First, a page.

In the face of a potential shooting, we did nothing
Though we all know now that nobody was hurt at Central Catholic High School on March 29, I want to write this article as if someone were. It’s not that I would wish that on anyone, but that I want to enforce the idea that anything could have happened. For those who do not know, Central Catholic High School is a private, all-male, Catholic high school with little to no building security. There is no reason why they could not have become part of the epidemic of school shootings that has been sweeping our country for the last decade. I went to kindergarten with boys who grew up and went off to Central, and when I saw the first Twitter headline, I thought to myself, “dear god, not them too.”
I then got down on my knees and started praying. My phone was blowing up with all sorts of information — people saying it was a “hoax” (which I think is an accurate but sick word to use for a falsified police call), people saying six boys were dead, people saying they hoped they didn’t lose points for missing class. People were taking photos of stretchers entering and exiting the building and screenshots of sketchy Twitter news sources. I will try not to comment on the language used by some of my peers around the event, but I will comment on some behaviors that I noticed that I think Carnegie Mellon as a whole should take responsibility for.
Next, I got a text notification that Carnegie Mellon PD were calling for a shelter-in-place. Except that’s not really what the message said. It actually said, “There is a large police presence at Central Catholic High School, next door to CMU residential buildings. Please avoid the area.” I did wonder why the shelter-in-place mandate was not part of the actual body of the message. A while later I received a RAVE Mobile Safety Alert that said, very clearly, “Shelter-in-place,” which was also the subject of an email that I received from the same system.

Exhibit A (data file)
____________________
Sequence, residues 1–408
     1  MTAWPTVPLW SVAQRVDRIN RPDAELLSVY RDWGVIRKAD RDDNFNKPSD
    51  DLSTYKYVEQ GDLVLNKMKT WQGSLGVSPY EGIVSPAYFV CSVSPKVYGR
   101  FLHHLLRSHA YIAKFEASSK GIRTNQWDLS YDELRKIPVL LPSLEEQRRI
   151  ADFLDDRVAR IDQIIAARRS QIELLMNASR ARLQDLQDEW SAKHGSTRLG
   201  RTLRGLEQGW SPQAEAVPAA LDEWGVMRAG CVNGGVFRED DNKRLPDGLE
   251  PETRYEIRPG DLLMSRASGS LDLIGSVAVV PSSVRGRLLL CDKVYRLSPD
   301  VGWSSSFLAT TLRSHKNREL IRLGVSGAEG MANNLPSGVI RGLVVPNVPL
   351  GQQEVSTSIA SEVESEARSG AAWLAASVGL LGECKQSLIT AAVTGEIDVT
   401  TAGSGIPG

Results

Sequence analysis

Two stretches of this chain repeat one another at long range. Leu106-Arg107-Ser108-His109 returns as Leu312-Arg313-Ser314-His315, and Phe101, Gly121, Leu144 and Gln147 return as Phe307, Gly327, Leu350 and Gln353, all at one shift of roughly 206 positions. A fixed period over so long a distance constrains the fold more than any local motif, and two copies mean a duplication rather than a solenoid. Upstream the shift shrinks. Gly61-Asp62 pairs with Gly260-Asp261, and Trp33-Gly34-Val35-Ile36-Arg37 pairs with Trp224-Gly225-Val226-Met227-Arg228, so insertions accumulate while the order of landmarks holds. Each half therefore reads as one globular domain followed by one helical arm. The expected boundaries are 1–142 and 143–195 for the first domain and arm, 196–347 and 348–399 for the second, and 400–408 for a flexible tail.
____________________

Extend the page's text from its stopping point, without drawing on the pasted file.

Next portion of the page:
What happened after that was what really surprised me: nothing. Students did not observe the shelter-in-place. Neither did most professors. Classes were not canceled (and no, it’s not enough to just send people the link to the CaPS website and hope for the best). By the time the Carnegie Mellon alert system gave the all-clear, I was already in class, 30 minutes deep in a lecture on glucose because what other choice did I have? Everybody kept moving, though we did not know if anyone had been hurt, though helicopters were circling overhead. And in doing so, I believe we failed.
As a university, we failed the Central Catholic students who might have been in danger and the first responders who needed crosswalks clear and passers-by off of the sidewalks (a great reason to shelter in place even if you’re not concerned about your own safety). We failed our peers who did not have the ability to focus during lecture, who were scared and scarred by the heavy police presence and the language around gun violence.
Most of all, we failed everyone who has ever been a victim of gun violence. By acting like nothing was happening while a potential active shooter was right next our campus, we denied the danger and severity of these types of incidents. When we behave in accordance with the desensitization to violence that as a generation we claim to hate, we keep it in perpetual motion. Thank God nobody was hurt, but if they had been, we would have been in class, probably thinking about how terrible it is that nobody cares about this sort of thing in America. If you are defiant, show it. You should be angry. You should be sad. You should be panicked. Certainly we are not to blame for the epidemic of gun violence in schools, but if we do not behave as if it matters to us when it is happening on our doorstep, how can we expect change?